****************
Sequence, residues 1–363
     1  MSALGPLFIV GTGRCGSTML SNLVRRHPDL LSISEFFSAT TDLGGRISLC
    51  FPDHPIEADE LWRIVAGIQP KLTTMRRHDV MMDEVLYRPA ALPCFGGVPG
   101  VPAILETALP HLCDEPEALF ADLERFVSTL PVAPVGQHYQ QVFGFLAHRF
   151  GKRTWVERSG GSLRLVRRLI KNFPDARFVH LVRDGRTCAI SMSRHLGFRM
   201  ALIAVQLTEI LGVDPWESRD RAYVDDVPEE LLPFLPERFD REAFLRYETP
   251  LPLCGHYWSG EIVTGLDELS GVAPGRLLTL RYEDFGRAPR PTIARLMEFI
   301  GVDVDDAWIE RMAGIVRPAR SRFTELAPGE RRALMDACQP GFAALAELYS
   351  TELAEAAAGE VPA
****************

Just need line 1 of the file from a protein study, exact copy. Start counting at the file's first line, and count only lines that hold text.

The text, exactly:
Sequence, residues 1–363